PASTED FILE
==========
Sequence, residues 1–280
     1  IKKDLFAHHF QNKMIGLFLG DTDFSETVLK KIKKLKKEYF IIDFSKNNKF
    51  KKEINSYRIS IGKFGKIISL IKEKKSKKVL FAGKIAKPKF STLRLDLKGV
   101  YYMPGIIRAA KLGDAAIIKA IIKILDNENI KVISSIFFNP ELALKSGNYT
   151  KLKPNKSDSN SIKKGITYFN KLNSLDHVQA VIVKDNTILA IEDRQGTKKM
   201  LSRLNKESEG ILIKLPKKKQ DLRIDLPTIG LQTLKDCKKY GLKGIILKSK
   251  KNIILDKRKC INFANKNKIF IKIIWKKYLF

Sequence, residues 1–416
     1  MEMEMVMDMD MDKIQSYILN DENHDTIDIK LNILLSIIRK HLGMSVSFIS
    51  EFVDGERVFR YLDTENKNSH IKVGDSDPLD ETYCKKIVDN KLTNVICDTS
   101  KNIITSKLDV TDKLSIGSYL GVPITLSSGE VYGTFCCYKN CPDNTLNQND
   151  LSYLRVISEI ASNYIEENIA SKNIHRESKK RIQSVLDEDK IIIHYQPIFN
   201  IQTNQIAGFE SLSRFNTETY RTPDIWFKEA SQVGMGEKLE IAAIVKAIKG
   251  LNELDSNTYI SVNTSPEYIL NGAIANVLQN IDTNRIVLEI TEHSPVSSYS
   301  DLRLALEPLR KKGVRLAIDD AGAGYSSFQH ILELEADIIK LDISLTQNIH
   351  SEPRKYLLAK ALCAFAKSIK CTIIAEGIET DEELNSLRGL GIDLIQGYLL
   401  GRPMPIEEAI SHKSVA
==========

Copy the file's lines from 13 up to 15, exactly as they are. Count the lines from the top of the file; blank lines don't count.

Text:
   201  IQTNQIAGFE SLSRFNTETY RTPDIWFKEA SQVGMGEKLE IAAIVKAIKG
   251  LNELDSNTYI SVNTSPEYIL NGAIANVLQN IDTNRIVLEI TEHSPVSSYS
   301  DLRLALEPLR KKGVRLAIDD AGAGYSSFQH ILELEADIIK LDISLTQNIH